- Japan might move to establish a small military presence on one or more of the uninhabited islands in an effort to reassert its sovereignty.
- Japan would force China to take on the role of aggressor even as Tokyo engages in some escalation of its own.
- There may come a point when doing what Japan has always done will not be sufficient for maintaining the status quo.
Since the Japanese government’s purchase of three of the Senkaku islands in September, China has launched a concerted effort to alter the status quo in the East China Sea. First, in anticipation of the purchase, Beijing promulgated a new law to bolster what it believes are the legal underpinnings of its claims to the islands. More dangerously, it has carried out more frequent patrols in waters around the islands, regularly sending government ships into Japan’s claimed exclusive economic zone, and sometimes into Japanese-claimed territorial waters.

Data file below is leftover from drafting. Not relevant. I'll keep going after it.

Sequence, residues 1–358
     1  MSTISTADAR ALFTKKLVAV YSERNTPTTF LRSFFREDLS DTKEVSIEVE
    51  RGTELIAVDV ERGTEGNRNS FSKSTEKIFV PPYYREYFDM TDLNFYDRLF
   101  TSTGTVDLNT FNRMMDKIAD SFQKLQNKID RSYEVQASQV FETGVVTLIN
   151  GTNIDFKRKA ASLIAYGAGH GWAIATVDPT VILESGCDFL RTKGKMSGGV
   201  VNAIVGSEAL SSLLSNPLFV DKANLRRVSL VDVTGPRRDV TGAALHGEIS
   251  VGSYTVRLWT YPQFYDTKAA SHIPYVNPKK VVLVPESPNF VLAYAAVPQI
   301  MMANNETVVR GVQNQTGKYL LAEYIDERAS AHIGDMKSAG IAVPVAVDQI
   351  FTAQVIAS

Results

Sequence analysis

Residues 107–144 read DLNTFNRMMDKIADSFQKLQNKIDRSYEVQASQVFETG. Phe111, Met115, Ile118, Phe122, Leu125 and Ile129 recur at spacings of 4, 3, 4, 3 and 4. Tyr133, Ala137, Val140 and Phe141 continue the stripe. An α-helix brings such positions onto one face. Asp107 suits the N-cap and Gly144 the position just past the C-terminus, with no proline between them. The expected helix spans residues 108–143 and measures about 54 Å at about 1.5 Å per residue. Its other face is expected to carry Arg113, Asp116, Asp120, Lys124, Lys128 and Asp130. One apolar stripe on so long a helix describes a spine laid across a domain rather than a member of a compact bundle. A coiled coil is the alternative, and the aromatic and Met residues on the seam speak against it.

Beijing’s goal appears to be to alter the fact of Japan’s effective control of the island grouping and to force Tokyo to acknowledge that a sovereignty dispute indeed exists, which Tokyo has thus far refused to do. In some respects, China is succeeding.
The full text of the article is available on the CNN Global Public Square website.